Maine delegation, lobstermen ask feds to postpone whale protection rules, citing rope shortage

Lobster fishing boats head out to sea on a foggy morning off South Portland, Maine. (Robert F. Bukaty / AP)
Lobster fishing boats head out to sea on a foggy morning off South Portland, Maine. (Robert F. Bukaty / AP)

Maine lobstermen say there's a critical shortage of specialized trap-gear they need to comply with new federal whale protection rules that go into effect this spring. The industry and Maine political leaders are asking the feds to postpone the deadline by two months. But some gear-makers and suppliers say they can make it available, if only someone would order it.

As of May 1, the new federal rules will require lobstermen to use rope that's weak enough to allow endangered North Atlantic right whales to break through it without danger of deadly entanglements. Alternatively, lobstermen can install weak links in their existing traplines to achieve the same result.

"At this point, the beginning of February, I don't have access to any type of equipment to modify my gear," says Friendship lobsterman Dustin Delano, the vice president of the Maine Lobstermen's Association. He says he's been looking for gear that would make sense for his boat and his 800 lobster traps — but so far, no luck. And he's anxious to get going on the time-consuming task of hauling and converting his gear.

"There's a few options that exist but you can't get that equipment," he says. "I've looked into it myself, there isn't enough, it doesn't exist. So we can be told we need to comply by May 1, but if I can't buy the stuff what am I supposed to do?"

Gov. Janet Mills and Maine's Congressional delegation recently sent a joint letter to the Secretary of Commerce, Gina Raimondo, asking to delay the gear-conversion deadline until July 1.

"That would save the industry more than $7 million in lost fishing time, and we believe it would have no or negligible impact on risk reduction," says Sen. Susan Collins.

Collins broached the question at a committee hearing with Raimondo, who oversees the National Oceanic and Atmospheric Administration. But Raimondo says she has no authority to unilaterally postpone the rule.

"We are trying to help locate the gear as well as provide as much flexibility and assistance as we can. So let us work on it a bit more, to see if we can alleviate these supply chain issues," Raimondo says.

That work is under way in Maine. One company in Warren, called Seaside Inc., has created a plastic weak link that's been approved by the feds. But according to Maine's Department of Marine Resources, Seaside can only produce 3,000 a day.

That's a fraction of the 300,000 weak links the agency says Maine's fleet would need to install by May 1, with hundreds of thousands more needed by peak season in the fall. Another joint venture by Brooks Trap Mill and the Maine Mold & Machine Company could add significant production, as many as 25,000 plastic links a day, if they can get federal approval.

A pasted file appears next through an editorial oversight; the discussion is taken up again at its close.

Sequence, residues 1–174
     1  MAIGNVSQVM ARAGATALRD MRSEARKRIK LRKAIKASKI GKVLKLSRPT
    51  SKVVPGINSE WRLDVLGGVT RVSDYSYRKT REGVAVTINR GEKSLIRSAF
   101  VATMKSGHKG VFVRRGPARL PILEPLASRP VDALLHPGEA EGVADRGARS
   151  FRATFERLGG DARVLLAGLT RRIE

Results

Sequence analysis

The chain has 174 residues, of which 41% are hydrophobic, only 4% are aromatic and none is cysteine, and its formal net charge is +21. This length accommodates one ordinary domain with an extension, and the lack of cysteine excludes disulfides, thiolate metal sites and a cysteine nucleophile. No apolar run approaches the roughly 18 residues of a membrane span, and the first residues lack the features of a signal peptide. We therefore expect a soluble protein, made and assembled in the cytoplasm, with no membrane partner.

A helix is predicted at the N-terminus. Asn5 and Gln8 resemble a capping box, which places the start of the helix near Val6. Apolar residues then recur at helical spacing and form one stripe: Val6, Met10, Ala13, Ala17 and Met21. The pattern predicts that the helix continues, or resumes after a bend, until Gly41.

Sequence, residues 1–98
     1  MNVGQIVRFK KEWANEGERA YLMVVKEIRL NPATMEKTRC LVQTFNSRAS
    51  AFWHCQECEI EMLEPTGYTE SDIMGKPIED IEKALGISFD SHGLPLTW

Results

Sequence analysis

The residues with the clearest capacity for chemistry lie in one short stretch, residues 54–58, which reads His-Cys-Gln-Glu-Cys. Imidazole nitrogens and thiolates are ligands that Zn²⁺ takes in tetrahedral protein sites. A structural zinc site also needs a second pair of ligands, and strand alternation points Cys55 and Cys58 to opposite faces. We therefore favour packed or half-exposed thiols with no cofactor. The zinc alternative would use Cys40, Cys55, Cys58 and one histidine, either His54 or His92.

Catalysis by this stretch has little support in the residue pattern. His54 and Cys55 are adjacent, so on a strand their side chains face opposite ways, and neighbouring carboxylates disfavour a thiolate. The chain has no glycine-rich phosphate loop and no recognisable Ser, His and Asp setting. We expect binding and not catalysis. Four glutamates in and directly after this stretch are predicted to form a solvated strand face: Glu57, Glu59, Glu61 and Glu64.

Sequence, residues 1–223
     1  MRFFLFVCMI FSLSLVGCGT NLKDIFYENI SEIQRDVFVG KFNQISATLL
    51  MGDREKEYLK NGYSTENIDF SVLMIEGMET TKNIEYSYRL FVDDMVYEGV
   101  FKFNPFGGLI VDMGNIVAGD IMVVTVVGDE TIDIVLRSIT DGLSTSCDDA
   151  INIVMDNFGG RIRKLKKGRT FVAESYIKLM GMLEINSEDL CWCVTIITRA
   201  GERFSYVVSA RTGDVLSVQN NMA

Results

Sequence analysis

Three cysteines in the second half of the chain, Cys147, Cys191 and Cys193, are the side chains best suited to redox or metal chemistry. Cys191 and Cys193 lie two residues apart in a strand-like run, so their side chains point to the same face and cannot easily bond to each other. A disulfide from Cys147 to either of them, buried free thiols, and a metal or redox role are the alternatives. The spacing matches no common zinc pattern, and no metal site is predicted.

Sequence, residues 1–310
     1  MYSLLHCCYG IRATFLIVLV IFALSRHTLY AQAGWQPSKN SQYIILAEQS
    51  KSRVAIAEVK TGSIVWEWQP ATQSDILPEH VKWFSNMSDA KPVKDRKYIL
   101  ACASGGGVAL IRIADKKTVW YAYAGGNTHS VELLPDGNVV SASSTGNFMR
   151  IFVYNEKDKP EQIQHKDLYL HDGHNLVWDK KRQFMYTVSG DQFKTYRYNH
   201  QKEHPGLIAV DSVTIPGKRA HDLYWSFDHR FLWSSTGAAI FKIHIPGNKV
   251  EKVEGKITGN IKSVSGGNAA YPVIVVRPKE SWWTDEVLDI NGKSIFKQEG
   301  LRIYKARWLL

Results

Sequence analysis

"I think we're very close. The main thing we're working on right now is making sure that we are using the correct material," says Stephen Brooks, co-owner of the Brooks Trap Mill.

"We don't want them to shatter into pieces because, obviously, if by chance it had just come out of the water and it breaks at that moment, we don't want pieces flying around and potentially injuring someone," he says.

Meanwhile, there are options other than plastic links on the table, such as braided sleeves that can be woven into rope-line to make it more easily breakable.

A Nova Scotia company that makes the braided sleeves has 100,000 of them in its inventory, a company representative says. And in Massachusetts, rope supplier Heather Ketcham says she can supply Maine vendors with approved rope, but so far none have asked for it.

"We are manufacturing in the U.S. in North Carolina, so that helps with things like shipping and they're using all local supplies as well," Ketcham says. "If we had large orders we would be planning to make large quantities but quite honestly I don't have orders."

Ketcham says the situation seems familiar.

"So we implemented this in Massachusetts last year and we actually saw the same thing where everybody kind of waited until the last possible second to jump on it," she says. "I don't know if that's also contributing to it, that they're hoping it will get pushed or overturned or something like that."

Patrice McCarron of the Maine Lobstermen's Association says many lobstermen are skeptical of the available options, which they think could be too weak for safe use, could degrade too easily, or lack the unique markings required for Maine's fishery; they prefer the plastic links.

"The products that Maine lobstermen want to be purchasing right now to comply with this weak insert regulation are just not available," McCarron says. "Fishermen want to choose a product that is going to give them the most predictability that they will get their gear back."

State regulators are hoping NOAA will adopt another potential — and maybe the least-costly — solution, allowing fishermen to simply tie knots into their ropes at strategic intervals, knots which state research shows can weaken the line enough to protect the right whales.

This story is part of the New England News Collaborative. It was originally published by Maine Public Radio.


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